Yes, netbooks are *mostly* used for web-based applications [such as my writing this post on my Samsung], but I definitely want a full suite of native applications as well, which I choose and install myself, not subject to the vagaries of Apple's appstore. I cannot imagine myself with an iPad writing this - with my email, streaming music, Skype and Yahoo Messenger running in the background, working on a number of office files as well.
Now that doesn't mean that I couldn't ever use an iPad myself as well - I already browse the web a fair amount on my iPhone, even though my netbook is just downstairs. So there is an argument that Internet usage will become more segmented by task type. If I want to move pictures from my camera to my hard drive, and selctively upload a few to Facebook, I'll use my desktop. If I'm on a plane, I'll use the netbook. If I'm in bed and want to check my email and overnight SMS's first thing in the morning, the phone.
So maybe it's a device for the 10-20% of Internet usage time when you don't have anything else to hand.
The print media thing is a bit different, and clearly is outside my main domain of industry coverage. And I understand that there's a whole world of pain in that industry at the moment. But I'm unconvinced the iPad is the answer for more than a tiny fraction of readers. I buy a fair number of magazines, a fair number of books, and I read a fair number of newspapers (some of them free and disposable, like London's Evening Standard). I'm expert at folding them to read on the Tube. I usually have reading material for flights. I've got a stack of old Wired magazines around home, and a few copies of Top Gear for anyone desperately in need of reading material in my bathroom. I have a bookcase full of Lonely Planets and Rough Guides - my traveller's equivalent of a trophy cabinet.
Yet I don't have a Kindle, nor have I seriously considered getting an e-reader. I've only ever seen three people with them in London, one of them a semi-famous TV celebrity who was in my local Starbucks, hoping people would first notice it and then recognise him.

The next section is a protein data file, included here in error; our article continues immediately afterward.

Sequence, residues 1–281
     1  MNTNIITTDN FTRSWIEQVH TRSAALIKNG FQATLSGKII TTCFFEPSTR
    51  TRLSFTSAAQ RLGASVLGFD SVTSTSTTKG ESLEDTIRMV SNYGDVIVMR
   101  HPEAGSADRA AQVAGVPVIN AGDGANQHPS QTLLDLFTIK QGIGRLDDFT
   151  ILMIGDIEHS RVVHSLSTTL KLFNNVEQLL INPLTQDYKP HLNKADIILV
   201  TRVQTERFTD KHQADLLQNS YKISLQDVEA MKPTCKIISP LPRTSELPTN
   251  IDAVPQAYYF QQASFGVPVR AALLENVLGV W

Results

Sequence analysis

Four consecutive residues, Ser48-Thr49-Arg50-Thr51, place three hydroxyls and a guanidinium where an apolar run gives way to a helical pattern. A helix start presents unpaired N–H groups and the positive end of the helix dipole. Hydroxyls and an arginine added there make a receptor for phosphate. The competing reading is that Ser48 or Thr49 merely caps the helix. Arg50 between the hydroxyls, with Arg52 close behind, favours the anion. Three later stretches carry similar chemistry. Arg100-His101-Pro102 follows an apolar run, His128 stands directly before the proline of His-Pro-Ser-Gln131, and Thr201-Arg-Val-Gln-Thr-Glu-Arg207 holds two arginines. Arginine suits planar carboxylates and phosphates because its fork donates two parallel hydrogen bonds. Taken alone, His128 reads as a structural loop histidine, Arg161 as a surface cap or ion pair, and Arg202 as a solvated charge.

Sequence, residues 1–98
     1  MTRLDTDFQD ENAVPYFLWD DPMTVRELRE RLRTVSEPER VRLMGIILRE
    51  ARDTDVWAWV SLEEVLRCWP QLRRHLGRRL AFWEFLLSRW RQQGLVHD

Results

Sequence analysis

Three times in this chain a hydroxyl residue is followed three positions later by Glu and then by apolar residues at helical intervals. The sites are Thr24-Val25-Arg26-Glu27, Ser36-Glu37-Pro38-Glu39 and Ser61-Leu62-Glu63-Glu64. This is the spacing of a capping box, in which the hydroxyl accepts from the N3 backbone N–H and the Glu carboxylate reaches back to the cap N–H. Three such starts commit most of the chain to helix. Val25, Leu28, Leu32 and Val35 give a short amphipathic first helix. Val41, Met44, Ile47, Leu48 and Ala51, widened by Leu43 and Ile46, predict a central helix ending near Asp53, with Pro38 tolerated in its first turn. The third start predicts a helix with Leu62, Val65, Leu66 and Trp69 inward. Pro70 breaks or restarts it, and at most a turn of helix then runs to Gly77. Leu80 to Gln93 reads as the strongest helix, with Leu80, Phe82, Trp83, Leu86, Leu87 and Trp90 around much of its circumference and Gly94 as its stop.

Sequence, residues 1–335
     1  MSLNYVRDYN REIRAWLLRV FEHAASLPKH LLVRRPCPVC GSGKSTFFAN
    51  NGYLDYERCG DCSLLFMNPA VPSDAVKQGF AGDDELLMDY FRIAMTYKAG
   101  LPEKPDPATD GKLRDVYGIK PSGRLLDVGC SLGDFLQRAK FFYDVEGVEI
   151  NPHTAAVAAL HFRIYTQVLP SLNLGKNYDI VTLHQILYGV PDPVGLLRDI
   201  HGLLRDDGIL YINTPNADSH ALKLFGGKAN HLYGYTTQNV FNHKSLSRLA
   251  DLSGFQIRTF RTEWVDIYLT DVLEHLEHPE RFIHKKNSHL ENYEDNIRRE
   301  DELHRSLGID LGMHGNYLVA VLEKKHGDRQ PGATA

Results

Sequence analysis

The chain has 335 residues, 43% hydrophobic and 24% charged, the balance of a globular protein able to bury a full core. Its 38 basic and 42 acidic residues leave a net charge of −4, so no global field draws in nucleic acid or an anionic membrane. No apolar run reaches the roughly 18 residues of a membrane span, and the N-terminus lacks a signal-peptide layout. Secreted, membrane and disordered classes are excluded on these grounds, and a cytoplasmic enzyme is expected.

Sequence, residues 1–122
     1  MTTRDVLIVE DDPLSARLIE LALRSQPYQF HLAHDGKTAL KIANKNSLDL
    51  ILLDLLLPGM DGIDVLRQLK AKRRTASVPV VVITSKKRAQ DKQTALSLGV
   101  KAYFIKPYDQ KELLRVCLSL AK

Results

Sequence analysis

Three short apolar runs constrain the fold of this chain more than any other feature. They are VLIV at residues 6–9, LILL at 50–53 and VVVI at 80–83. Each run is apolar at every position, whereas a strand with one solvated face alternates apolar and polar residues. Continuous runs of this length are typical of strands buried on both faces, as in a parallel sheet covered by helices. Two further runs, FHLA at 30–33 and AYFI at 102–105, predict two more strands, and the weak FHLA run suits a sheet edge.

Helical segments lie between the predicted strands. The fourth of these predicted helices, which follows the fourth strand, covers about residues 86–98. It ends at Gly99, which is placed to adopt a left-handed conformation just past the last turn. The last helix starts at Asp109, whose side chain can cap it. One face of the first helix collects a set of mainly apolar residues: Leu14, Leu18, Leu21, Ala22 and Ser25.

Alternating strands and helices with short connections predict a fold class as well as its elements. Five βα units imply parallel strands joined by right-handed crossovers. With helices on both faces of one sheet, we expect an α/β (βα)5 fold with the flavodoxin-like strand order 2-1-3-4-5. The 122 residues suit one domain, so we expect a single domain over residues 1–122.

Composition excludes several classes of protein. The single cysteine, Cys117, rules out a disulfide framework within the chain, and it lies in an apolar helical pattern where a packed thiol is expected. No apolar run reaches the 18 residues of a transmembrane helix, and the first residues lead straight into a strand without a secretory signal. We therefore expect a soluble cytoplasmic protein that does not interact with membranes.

I simply cannot see a situation where a large bulk of the world's readers of the FT or Cosmopolitan or Harry Potter go digital *in substitution* of their usual print media. It's not like music, for which the move from CD to MP3 reduced the fallibility and bulk of moving parts, and for which headphones insulate you from the vagaries of the environment. People read in places with no power, bright light, risk of theft, or where comfort and tactility are all part of the experience (armchair + book + whisky, or cafe + cappucino + newspaper in the sunshine). They may want to avoid carrying a bag - or baulk at the need to carry both tablet and PC together.
I can understand the appeal of interactiveness of a connected tablet for media owners and their advertisers. But I am just unconvinced that the user experience and intangible benefits of print has been given as much thought.
In summary, I can see a market for iPad-type devices of a similar scale to (say) personal navigation devices - maybe a worldwide target audience of perhaps 50m people. There are some fascinating niches - perhaps education, or gaming, or a few video applications. But I cannot see them replacing PCs (or Macs or netbooks), nor making a meaningful dent in the consumption of newspapers opr magazines. And outside a few metropolitan hotspots, I can't seem them heavily impacting operators' revenues or their networks either.
[Note: if you represent a company in the mobile industry that wants a contrarian view of device strategy and its impact on business models, please get in touchwith me via information AT disruptive-analysis DOT com]